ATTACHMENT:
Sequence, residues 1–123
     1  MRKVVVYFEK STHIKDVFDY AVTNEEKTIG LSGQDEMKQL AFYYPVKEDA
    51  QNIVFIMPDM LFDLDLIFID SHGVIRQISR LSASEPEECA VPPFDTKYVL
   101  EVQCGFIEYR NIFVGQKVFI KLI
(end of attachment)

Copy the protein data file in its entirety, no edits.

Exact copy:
Sequence, residues 1–123
     1  MRKVVVYFEK STHIKDVFDY AVTNEEKTIG LSGQDEMKQL AFYYPVKEDA
    51  QNIVFIMPDM LFDLDLIFID SHGVIRQISR LSASEPEECA VPPFDTKYVL
   101  EVQCGFIEYR NIFVGQKVFI KLI